Thursday, April 15, 2010

22 July

Is anyone getting tired of reading my emails yet? I don't have any stories about earthquakes or typhoons this week so I will tell about the heat. It is SO HOT here. I wake up every morning crying because it is so hot--and then I realize it is not tears, it is sweat. When I get to teaching appointments they always have to give me a lot of kleenexes to wipe up the sweat so I don't drip all over their floor, and I seriously think I am in danger of heat stroke. I really can't handle heat so lucky me, right?! :) I am sure that none of you are interested in this but I have developed a "heat rash"--similar to what I had in Jordan but I think this one is worse because it is so humid here. My legs are covered with a rash that burns when I sweat (so all the time) and my arms have recently started breaking out in a weird rash that is starting to spread. But I make it through--mostly because I know that after July is August, after August is September, and after September is October, when it will start cooling down! Of course the heat makes it much harder for me to be nice and happy all the time but don't worry, I haven't hit anyone yet. :) Too bad those fish oil pills don't help me cool down, right? I have decided that I never want to sweat again in my life!

I am not the only one who thinks it is hot, though. I thought I would share several humorous stories to let those of you in airconditioned buildings appreciate how hot it is here. Most Taiwanese people want as light of skin as possible and so don't like exposing their skin to the sun. Lots and lots of people here ride scooters here, though, which means lots of time for sun exposure. Many of them wear long sleeves (!!!!!) but some of them are just too hot for that but still want to cover their arms. So they wear "sleeves"--they go from the wrist to the upper arm and have elastic on both ends. You can take them on and off easily and store them in your scooter until you go outside again. I laugh every time I see them--especially since several people have tried to get me to wear them because my arms are always red and look sunburnt! Thank you, no, I would die of heat. :)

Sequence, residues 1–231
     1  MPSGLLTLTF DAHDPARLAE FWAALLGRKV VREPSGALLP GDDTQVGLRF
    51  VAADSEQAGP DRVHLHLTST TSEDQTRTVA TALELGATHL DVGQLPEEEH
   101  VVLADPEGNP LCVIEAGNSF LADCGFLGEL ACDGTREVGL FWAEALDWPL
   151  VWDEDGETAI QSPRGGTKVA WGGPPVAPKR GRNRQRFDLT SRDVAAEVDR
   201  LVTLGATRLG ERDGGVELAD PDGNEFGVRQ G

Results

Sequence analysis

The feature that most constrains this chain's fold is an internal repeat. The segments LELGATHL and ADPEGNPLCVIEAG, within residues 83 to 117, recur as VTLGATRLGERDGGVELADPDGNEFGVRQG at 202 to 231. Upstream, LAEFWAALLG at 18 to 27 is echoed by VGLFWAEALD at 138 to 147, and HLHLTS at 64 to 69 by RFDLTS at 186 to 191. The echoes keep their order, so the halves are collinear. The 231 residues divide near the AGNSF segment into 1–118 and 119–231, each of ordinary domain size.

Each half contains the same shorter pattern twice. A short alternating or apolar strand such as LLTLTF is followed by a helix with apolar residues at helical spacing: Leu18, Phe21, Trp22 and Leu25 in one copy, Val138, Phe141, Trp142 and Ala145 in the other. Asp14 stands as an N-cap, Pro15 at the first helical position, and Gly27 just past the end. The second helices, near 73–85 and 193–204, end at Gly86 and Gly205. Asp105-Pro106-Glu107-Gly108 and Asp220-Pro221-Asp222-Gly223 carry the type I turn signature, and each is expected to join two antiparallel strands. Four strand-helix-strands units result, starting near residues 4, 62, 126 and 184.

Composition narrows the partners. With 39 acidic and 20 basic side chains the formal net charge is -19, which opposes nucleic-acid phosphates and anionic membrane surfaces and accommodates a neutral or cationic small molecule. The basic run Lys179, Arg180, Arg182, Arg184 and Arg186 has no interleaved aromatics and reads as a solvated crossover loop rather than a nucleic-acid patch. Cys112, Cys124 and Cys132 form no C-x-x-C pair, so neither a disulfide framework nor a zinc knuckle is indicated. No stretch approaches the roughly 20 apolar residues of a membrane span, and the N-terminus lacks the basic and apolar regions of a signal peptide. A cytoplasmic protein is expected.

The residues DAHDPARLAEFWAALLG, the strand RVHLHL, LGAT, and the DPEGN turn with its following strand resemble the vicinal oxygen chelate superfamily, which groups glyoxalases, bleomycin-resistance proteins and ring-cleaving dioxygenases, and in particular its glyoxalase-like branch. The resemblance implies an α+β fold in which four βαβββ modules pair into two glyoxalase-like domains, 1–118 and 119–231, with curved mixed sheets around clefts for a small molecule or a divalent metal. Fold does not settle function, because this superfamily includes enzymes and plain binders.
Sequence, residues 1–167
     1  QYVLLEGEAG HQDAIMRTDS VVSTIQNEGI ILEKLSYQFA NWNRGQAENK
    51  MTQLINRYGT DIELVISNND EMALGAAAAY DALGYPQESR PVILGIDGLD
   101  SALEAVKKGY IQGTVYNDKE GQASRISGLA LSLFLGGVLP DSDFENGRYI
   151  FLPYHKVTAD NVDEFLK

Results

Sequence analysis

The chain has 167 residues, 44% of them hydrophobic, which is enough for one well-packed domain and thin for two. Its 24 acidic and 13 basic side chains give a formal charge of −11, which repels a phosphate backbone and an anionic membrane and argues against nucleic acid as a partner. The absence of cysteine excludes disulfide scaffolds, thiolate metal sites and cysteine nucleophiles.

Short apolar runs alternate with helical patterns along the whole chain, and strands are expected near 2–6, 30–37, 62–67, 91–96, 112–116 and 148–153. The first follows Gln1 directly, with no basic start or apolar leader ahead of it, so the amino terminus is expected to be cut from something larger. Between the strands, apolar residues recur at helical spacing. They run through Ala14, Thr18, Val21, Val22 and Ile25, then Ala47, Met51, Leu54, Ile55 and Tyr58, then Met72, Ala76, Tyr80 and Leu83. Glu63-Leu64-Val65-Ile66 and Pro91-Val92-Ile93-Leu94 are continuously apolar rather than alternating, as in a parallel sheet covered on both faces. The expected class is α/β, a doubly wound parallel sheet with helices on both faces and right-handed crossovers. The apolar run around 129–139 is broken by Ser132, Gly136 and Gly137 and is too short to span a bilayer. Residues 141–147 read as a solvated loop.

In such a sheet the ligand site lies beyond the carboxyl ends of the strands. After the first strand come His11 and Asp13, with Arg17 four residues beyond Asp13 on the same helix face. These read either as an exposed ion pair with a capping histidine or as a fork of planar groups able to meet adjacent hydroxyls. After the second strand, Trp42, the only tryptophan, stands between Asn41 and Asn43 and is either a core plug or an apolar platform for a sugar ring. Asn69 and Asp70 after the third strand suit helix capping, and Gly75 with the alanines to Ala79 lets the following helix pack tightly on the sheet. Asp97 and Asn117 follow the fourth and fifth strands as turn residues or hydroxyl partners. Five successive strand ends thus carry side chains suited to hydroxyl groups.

Another thing that is in low supply but high demand in Taiwan is shade. As mentioned before, lots and lots of people in Taiwan ride scooters and scooters get special privileges. For example, there is a space in front of the cars at every stoplight for scooters to wait so they get to be the first ones to go when the light turns green. We get to wait there too--we get even more priviliges than scooters on our bikes. :) Anyway, the other day we were riding out to somewhere and I saw all the traffic stopped about 200 feet behind the crosswalk--and all the scooters were stopped back there as well! I wondered if something was wrong (because the light was red but they were stopped so far back) but then realized that there was a building by the light and the cars and scooters were all stopped in the shade of the building! No one wanted to go up closer because they would be in the sun! It made me laugh a lot.

Let's see, what else can I write about. We had zone conference this week. This transfer we got a new president and one of the zones from the Taizhong mission was moved into our mission. I want to say that I love my new mission president. Zone conference is always so stressful for me at least because they set forth this impossible standard and somehow I feel that I am a failure because I never meet it. Well, before the mission president started speaking I felt that impossible standard once again--but then he spoke to us and it was filled with so much love and kindness that I couldn't help but feel like we are doing the Lord's work and He is directing it, no matter what our weaknesses are. He is kind of an interesting person (and his personality is seriously so much like Dr. Pike it scares me) because he was in the army and he taught 5th grade. He taught 5th grade most recently and so I think he is perfect to work with missionaries. :) I am being both sarcastic and serious when I say that. He is so awesome and I feel that the Lord has called him specifically for the last half of my mission.

In addition to all these distractions, missionary work is going well. I love the people we are teaching and I love the ward here--the ward members don't think I am a missionary anymore but part of the ward. Still a missionary, of course, but the barriers are gone. It is awesome.

Hope you all have fun in airconditioned places!

Sister White

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